Tsuga canadensis | Family: Pinaceae
Submission: Emma Dunn, ’17
Needles – 2-ranked; 1/2″ long; tapering from the base to the apex; 2 lines of stomata on underside.
Cones – about 2/3″ long; ovoid; scales with entire margins.
“When the wind lifts up the Hemlock’s voice, it is no roaring like the Pines, no keening like the Spruce’s. The Hemlock whistles softly to itself.”–Naturalist and botanist Donald Culross Peattite
Known as the state tree of Pennsylvania, the backbone of the nineteenth century hide-tanning industry, and a common source of bark mulch and pulp, the Eastern hemlock (Tsuga canadensis) has long stood as a pillar in American society. Stretching upwards to a height of 60-70 feet tall with a diameter of 3 feet, this conifer is capable of living over 800 years. It is generally capable of withstanding considerable shading, making it perhaps the most tolerant of all gymnosperms. While it has a high understory tolerance and the ability to re-establish itself, unfortunately the hemlock is currently devastated by the hemlock woolly adelgid (HWA). Since the adelgid’s introduction into Richmond, Virginia in 1951, the Eastern hemlock has faced considerable decline in the northeast. Nevertheless, the Appalachians native tree still stand tall throughout the Northeast where it can be found mostly in cool inlets but can also be present on rocky outcrops.
Eastern hemlock bark is cinnamon-red to gray and is divided into narrow, rounded ridges, which are covered with thick scales. As the bark matures, it becomes scaly and deeply fissured. While hemlock bark has wonderful anatomical characteristics, the most valuable component is found within the bark: large content of tannins. For this reason alone, Eastern hemlock trees were the most preferable and desirable bark used in the hide-tanning industry during the late 18th and early 19th centuries. Tanning is the process of converting animal hides into usable leather by soaked them in tannic acid. By binding the collagen proteins in the leather, tannins make leather less water-soluble and more resistant to decomposition. Thus, due to high tannin content and the creation of a distinctive deep, reddish-brown color, hemlock tannins were highly valued.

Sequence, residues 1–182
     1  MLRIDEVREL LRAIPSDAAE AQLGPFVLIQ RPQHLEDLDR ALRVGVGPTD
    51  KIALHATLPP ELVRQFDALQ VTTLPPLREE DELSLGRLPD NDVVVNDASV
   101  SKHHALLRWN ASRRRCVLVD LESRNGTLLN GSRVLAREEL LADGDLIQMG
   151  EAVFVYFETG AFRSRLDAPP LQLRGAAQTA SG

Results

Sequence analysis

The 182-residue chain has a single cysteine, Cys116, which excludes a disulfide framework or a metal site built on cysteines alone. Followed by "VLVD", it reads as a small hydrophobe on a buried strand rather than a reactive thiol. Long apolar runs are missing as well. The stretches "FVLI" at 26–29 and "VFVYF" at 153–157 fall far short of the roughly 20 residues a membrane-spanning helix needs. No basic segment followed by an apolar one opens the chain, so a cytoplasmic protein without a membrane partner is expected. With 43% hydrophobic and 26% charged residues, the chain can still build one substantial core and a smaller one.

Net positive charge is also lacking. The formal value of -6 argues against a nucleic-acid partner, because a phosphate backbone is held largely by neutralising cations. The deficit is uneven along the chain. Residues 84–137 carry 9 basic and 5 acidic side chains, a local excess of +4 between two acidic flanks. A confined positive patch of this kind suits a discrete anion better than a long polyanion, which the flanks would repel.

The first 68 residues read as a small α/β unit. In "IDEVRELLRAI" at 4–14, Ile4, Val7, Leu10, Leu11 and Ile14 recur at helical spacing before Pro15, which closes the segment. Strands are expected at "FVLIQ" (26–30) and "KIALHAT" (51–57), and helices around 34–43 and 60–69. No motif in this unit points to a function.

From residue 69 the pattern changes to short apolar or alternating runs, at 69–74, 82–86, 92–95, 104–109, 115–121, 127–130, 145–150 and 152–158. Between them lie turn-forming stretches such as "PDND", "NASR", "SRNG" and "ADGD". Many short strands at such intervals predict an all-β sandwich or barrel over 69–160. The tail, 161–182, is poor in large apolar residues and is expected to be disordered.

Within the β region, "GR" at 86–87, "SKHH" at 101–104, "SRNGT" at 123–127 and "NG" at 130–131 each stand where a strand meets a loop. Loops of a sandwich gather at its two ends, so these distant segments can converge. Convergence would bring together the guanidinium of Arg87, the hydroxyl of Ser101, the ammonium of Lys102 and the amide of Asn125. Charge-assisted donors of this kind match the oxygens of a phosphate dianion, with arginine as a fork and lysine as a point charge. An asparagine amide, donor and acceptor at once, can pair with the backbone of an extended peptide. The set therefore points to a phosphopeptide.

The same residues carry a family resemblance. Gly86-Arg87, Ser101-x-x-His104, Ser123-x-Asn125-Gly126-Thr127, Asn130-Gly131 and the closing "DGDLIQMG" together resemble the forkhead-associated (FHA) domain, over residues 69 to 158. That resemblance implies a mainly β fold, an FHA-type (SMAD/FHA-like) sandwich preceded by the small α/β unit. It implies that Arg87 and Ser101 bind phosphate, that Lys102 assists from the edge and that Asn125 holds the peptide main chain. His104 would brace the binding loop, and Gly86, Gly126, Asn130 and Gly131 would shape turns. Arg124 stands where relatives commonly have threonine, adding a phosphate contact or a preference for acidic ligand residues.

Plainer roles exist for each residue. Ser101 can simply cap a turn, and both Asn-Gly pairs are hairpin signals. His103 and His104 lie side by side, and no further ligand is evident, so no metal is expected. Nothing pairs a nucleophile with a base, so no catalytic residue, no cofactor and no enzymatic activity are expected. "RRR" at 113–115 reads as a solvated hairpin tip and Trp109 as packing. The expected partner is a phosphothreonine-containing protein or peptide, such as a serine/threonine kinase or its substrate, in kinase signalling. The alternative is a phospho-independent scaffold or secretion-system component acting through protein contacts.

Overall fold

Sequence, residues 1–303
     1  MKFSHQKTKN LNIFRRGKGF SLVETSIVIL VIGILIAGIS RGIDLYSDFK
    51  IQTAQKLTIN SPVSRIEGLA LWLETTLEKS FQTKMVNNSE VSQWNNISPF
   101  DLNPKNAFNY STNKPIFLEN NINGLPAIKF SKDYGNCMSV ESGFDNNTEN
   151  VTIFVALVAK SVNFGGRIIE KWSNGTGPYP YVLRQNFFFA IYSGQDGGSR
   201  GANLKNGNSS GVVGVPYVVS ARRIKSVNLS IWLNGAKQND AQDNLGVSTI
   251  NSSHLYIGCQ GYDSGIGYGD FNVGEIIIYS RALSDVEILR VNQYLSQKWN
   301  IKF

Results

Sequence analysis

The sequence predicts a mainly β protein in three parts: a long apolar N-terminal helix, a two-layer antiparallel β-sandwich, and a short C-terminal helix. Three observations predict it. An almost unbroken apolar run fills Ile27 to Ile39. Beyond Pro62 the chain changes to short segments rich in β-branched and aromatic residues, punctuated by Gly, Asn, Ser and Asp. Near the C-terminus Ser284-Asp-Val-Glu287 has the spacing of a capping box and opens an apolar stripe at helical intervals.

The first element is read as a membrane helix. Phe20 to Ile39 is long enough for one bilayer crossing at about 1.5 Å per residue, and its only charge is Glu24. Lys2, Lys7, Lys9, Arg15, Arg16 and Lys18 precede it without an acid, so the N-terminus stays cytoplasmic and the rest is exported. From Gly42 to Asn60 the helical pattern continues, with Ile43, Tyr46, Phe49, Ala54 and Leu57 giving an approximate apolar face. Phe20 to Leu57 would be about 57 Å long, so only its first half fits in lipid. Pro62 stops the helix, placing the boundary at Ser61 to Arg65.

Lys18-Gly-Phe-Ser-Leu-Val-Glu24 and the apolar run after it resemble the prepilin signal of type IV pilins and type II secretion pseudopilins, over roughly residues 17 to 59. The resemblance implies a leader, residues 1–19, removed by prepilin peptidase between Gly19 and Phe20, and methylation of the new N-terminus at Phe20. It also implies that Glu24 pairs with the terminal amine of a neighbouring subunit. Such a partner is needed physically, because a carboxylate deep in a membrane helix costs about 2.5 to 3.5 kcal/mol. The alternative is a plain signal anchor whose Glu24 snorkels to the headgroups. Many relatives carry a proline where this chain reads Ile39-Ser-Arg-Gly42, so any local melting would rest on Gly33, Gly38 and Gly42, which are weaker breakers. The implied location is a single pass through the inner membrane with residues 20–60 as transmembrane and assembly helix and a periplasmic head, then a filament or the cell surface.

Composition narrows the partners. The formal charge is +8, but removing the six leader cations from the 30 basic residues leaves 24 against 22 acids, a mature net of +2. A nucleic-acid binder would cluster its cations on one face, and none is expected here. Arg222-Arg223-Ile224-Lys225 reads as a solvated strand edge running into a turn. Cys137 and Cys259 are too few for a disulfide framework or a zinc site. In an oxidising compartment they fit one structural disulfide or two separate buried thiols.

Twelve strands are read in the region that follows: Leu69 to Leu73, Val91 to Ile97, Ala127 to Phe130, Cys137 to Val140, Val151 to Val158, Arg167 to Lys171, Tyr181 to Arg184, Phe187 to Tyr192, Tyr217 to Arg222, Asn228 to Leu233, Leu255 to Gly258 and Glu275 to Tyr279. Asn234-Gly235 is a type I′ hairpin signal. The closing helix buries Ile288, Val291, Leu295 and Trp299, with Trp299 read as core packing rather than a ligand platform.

During the 19th century, the heyday of the tanning industry, 64 tanneries were operating in the Catskills. It is estimated that 70 million hemlock trees were harvested for their bark. In particular, the Pratt tannery alone used 100,000 cords of hemlock bark from roughly 400,000 trees during a 20-year period. Since the bark was the only desirable portion of the tree, once trees were cut down and bark removed, the remaining lots of wood were left to rot in the forest.
Ultimately, the tanning industry began to decline starting in the early 1900s. By this time, hemlock stands throughout the northeast were heavily depleted. Furthermore, attitudes in regards to tanneries changed due to the large amount of pollution produced and the fear among Americans that forests were heavily exploited. Despite such extensive harvesting, hemlock was able to rebound in population due to the intrinsic biological capacity of the species to survive.
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